‘Party Down,’ a Cult Hit, Is Getting a Revival on Starz

‘Party Down,’ a Cult Hit, Is Getting a Revival on Starz

‘Party Down,’ a Cult Hit, Is Getting a Revival on Starz

‘Party Down,’ a Cult Hit, Is Getting a Revival on Starz

The short-lived Starz sitcom “Party Down,” about a team of misanthropic cater-waiters in Los Angeles, aired in 2009 and 2010 in relative obscurity, then turned into a cult hit in the years since its cancellation. Now, the show will be revived with a six-episode limited series, Starz said on Thursday.

Created by John Enbom, Dan Etheridge, Paul Rudd and Rob Thomas, the ensemble comedy lasted only two seasons in its original run. Now it is available to stream on Starz and Hulu, and in recent years, the popularity grew to such an extent that there started to be talk of a possible movie or a reunion.

The network has decided to give fans what they’ve been asking for.

All four creators are returning for the revival series, with Enbom as showrunner. It is unclear how many of the cast members will return.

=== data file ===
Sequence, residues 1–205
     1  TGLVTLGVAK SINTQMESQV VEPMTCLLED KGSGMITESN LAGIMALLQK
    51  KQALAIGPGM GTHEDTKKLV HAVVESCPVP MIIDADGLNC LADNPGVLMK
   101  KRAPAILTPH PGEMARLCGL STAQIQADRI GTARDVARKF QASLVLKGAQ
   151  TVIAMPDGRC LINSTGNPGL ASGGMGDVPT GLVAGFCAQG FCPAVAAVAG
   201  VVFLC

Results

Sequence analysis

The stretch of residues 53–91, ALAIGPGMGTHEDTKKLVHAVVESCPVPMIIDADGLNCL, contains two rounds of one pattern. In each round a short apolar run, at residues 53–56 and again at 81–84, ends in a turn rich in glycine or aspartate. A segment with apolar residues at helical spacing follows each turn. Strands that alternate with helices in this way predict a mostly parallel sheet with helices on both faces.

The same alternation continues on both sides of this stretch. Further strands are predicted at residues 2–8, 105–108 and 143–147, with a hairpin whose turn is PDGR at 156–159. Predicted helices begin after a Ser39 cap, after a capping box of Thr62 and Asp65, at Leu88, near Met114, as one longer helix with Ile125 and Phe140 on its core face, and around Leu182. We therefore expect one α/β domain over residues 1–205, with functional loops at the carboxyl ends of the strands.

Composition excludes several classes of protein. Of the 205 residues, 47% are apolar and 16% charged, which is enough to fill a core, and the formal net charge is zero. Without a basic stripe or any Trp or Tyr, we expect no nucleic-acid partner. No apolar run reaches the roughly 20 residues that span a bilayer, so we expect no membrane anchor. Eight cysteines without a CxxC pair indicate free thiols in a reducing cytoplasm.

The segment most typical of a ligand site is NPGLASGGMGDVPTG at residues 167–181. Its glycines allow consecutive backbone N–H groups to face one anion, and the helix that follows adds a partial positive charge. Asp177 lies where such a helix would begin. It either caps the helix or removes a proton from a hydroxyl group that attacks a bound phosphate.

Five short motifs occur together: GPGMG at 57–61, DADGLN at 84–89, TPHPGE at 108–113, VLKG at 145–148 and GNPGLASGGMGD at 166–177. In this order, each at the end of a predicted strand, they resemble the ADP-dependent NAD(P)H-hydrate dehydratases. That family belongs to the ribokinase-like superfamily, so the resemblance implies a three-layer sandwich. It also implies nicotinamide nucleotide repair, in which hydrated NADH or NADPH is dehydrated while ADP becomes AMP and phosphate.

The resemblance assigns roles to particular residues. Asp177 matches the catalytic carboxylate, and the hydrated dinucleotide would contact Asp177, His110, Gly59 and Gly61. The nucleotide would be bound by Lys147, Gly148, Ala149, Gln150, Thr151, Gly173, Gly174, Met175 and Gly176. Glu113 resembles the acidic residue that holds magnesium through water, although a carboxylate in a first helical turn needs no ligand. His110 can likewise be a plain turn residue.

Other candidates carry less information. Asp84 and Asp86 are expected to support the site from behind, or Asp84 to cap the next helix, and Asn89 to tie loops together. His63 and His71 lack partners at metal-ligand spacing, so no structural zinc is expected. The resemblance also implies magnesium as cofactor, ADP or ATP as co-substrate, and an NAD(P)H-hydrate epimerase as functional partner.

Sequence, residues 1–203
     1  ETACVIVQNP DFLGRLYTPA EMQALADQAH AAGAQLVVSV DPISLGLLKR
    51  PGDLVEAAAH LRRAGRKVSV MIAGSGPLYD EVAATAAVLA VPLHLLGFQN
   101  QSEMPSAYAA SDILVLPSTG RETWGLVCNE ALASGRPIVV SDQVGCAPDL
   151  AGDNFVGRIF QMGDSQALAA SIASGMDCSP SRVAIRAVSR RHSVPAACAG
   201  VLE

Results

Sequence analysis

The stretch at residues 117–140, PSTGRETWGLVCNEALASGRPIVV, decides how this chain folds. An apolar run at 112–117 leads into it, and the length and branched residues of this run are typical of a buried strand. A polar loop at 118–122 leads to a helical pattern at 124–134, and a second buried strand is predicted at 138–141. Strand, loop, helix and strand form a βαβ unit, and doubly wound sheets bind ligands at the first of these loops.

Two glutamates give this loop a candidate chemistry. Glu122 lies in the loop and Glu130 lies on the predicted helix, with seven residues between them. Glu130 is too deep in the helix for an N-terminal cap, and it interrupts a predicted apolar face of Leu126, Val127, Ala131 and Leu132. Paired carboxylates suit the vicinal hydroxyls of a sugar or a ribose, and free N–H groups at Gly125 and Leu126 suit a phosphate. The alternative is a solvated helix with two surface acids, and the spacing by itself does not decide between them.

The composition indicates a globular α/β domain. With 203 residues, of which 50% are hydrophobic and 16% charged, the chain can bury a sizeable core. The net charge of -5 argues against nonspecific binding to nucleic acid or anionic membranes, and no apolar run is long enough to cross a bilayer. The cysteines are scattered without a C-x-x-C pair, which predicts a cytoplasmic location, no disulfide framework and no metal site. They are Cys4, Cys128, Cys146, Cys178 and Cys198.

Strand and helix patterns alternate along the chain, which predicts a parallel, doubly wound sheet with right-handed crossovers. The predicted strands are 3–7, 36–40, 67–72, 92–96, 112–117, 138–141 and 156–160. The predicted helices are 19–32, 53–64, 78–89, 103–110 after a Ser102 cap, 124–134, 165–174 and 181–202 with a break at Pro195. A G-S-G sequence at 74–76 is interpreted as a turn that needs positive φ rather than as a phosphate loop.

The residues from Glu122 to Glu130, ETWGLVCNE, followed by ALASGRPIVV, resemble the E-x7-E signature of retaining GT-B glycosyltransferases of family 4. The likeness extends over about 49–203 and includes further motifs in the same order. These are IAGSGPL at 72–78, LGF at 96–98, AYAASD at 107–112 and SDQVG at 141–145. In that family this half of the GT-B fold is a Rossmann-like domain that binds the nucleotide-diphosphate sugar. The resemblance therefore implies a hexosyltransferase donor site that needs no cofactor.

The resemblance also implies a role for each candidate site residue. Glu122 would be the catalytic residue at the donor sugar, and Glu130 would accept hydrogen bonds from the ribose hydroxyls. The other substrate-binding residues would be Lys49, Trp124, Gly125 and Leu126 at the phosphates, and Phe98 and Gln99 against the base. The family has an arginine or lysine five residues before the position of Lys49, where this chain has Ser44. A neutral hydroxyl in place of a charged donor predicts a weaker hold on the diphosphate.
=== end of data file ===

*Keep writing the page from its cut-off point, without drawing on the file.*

Part of the show’s allure is the chemistry of its comedic ensemble, all costumed in white collared shirts and pink bow ties: Lizzy Caplan, Ryan Hansen, Jane Lynch, Ken Marino, Adam Scott and Martin Starr. (Lynch left the show for “Glee” and was replaced by Jennifer Coolidge and then Megan Mullally.) They all play cater-waiters with Hollywood dreams who are instead spending their days passing out hors d’oeuvres and schlepping cases of wine and cheese from one party to the next.

Thomas said in a news release that after the cast reunited in 2019 for a panel hosted by Vulture, they were determined to get the team back together again.

“The cast is so busy these days that finding a window where we can do it may require trigonometry,” he said, “but we’re determined to make it happen.”

Writing for The New York Times last month, Alexis Soloski said of the sitcom: “It has the DNA of a workplace comedy in that it brings together people who would never know each other otherwise. But it’s also a hangout comedy in that the waiters work as little as possible.”


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